BOSTON -- Mortgage Bankers Association Chairman--Elect David Kittle went back in time for his opening remarks to attendees at the MBA National Secondary Conference and Expo here last week. All the way back to 1934.
"Two kinds of forces assist in recovery: natural and artificial," he said. "There are those who believe that natural forces primarily govern and that recovery is more in spite of, than because of, artificial forces.If people insist on demanding a remedy for the evils we are suffering today, the only sure response is: Time." Those lines were from the opening address delivered by Chairman W. Walter Williams at MBA's Annual Convention in 1934.
Kittle then compared the "artificial forces" set in place then, like the formation of the FDIC and the Farm Credit Administration and compared present times and current efforts to rein in a spiraling housing market. "Just like today, lots of measures were being debated and passed," he said. "What Mr. Williams couldn't have known in October of 1934 was that much of the recovery was already underway....So why am I talking about 75 years ago when there's so much going on right now?To point out that it is very hard indeed to see exactly where you are when in the middle of such turmoil."
Kittle said that response to bad times has improved much since then. "Compare today to the S&L crisis of the '90s, when upwards of 750 banks failed. While we're not out of the woods, it's safe to say that we won't be seeing anything near that," he said."A crisis caused by so many factors needs many actions to quell it, both natural and artificial. Let's look at the steps we've already taken, those under consideration now, and some new ideas with great promise." He named the stimulus package passed by Congress, the temporary increase in conforming loan limits for Fannie Mae, Freddie Mac and the FHA as a welcome boost for the secondary market. And he cited the lowered capital surplus requirement that is estimated to free up about $2 trillion dollars for jumbo loans, subprime refinancing and loan modifications.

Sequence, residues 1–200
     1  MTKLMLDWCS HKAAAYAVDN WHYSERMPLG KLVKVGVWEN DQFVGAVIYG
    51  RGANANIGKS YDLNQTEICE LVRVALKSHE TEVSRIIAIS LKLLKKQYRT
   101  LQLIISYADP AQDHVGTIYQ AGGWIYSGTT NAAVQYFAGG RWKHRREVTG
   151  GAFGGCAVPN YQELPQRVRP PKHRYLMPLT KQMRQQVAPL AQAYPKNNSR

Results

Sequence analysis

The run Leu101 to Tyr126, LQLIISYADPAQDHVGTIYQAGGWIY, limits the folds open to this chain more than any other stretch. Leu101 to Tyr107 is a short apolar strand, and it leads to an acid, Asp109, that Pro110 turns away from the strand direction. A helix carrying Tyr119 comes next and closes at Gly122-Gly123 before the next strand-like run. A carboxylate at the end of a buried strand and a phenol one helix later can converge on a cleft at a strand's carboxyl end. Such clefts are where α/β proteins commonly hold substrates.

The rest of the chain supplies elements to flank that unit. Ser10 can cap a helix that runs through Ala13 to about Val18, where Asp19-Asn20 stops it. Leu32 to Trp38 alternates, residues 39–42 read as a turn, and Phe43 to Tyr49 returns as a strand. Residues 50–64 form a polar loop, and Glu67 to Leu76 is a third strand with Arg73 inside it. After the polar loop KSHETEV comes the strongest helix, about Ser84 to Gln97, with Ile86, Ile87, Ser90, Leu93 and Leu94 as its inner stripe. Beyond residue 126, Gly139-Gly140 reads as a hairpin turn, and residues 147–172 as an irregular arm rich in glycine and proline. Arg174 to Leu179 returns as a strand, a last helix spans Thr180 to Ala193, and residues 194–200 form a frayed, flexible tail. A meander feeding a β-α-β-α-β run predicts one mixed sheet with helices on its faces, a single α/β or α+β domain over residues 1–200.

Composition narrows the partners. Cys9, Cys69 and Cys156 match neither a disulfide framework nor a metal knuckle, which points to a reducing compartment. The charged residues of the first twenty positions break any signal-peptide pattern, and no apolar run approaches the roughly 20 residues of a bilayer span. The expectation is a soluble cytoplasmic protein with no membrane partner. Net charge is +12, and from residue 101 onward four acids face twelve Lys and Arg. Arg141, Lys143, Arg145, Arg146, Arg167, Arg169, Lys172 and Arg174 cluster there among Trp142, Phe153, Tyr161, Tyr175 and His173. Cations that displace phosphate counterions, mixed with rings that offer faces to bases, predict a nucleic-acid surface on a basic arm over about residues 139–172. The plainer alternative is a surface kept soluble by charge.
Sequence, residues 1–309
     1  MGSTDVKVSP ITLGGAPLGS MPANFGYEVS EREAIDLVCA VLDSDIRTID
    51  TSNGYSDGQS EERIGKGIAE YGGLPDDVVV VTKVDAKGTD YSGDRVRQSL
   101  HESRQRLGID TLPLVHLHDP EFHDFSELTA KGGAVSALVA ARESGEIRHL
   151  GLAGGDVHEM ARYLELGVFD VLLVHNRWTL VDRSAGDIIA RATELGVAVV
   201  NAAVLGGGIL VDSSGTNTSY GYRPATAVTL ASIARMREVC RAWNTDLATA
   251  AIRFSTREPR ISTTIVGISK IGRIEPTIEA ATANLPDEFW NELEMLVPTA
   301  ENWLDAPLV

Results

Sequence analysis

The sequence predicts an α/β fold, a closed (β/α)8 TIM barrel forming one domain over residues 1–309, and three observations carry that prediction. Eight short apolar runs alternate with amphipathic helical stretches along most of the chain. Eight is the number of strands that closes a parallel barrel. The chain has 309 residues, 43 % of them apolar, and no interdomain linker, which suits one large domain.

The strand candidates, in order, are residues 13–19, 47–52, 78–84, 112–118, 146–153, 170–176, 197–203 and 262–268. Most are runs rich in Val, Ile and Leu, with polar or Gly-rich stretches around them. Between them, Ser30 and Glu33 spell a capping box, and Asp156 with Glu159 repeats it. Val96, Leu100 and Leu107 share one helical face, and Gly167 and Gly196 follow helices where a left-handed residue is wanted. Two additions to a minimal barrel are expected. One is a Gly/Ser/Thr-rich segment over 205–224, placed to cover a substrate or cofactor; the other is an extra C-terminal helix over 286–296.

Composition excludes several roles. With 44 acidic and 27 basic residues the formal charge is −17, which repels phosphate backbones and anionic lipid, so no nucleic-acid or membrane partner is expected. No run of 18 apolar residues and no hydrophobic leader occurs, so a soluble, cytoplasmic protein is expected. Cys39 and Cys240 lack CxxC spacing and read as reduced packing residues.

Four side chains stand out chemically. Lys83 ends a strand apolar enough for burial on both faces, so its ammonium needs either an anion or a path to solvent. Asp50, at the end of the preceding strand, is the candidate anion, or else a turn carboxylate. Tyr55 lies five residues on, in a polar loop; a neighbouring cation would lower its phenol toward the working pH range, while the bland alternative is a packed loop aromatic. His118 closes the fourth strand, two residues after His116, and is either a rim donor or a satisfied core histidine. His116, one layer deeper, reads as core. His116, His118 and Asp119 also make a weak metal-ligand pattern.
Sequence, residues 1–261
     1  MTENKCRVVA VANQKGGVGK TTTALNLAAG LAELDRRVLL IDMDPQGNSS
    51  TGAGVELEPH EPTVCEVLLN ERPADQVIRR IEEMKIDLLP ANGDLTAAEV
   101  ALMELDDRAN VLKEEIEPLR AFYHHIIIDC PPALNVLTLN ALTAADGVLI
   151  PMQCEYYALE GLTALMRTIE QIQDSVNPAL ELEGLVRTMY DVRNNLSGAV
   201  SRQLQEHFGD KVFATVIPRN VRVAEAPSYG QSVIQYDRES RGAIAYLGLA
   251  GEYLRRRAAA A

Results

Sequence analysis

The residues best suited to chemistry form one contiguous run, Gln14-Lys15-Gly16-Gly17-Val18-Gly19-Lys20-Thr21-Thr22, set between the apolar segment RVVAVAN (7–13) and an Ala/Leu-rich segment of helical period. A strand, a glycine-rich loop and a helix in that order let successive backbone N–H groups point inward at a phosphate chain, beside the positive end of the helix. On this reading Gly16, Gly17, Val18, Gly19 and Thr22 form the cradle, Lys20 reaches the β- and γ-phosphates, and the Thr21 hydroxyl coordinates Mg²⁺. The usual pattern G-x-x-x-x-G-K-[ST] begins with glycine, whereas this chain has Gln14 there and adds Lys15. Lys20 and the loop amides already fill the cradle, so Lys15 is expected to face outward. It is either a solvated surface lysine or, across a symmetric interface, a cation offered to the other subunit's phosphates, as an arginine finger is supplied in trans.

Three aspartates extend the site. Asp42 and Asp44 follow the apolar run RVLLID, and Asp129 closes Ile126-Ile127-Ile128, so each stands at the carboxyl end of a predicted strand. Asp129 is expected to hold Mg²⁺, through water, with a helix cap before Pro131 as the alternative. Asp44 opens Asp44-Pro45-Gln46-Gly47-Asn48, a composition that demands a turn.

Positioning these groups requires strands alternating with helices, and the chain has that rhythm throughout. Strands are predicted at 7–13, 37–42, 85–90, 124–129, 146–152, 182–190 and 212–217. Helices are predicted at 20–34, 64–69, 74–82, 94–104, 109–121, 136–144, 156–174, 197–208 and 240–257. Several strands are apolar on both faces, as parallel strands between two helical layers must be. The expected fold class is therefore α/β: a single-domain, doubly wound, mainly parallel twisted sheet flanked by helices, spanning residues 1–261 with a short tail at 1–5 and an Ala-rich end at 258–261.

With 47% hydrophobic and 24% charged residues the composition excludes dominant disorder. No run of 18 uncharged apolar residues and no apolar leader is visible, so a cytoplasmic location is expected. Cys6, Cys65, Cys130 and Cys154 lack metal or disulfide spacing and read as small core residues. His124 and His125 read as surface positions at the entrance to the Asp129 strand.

More help came from the Federal Reserve's unprecedented step of creating a temporary overnight lending facility for investment banks and the Federal Home Loan Banks granting of extraordinary temporary powers in April. The FHLB can now use Affordable Housing Program set-asides to help low income borrowers refinance or restructure subprime loans, said Kittle.
He finished with a call to modernize the FHA and create a stronger GSE regulator (for Fannie and Freddie) and legislation that would allow state housing agencies to issue tax-exempt mortgage revenue bonds for use in refinancing the mortgages of borrowers in trouble.
Looking to his own house, Kittle called for the licensing of all loan originators (both brokers and actual lenders) and for the creation of a national database that can boost consumer confidence by holding all originators accountable.But he said the MBA would remain opposed to bankruptcy cramdowns, stressing, "MBA remains watchful and will continue to clearly and simply demonstrate the obvious ill effects that such a change to bankruptcy laws would have on the entire market.Nothing would subvert the work of the best natural force--time--more than allowing cramdowns today."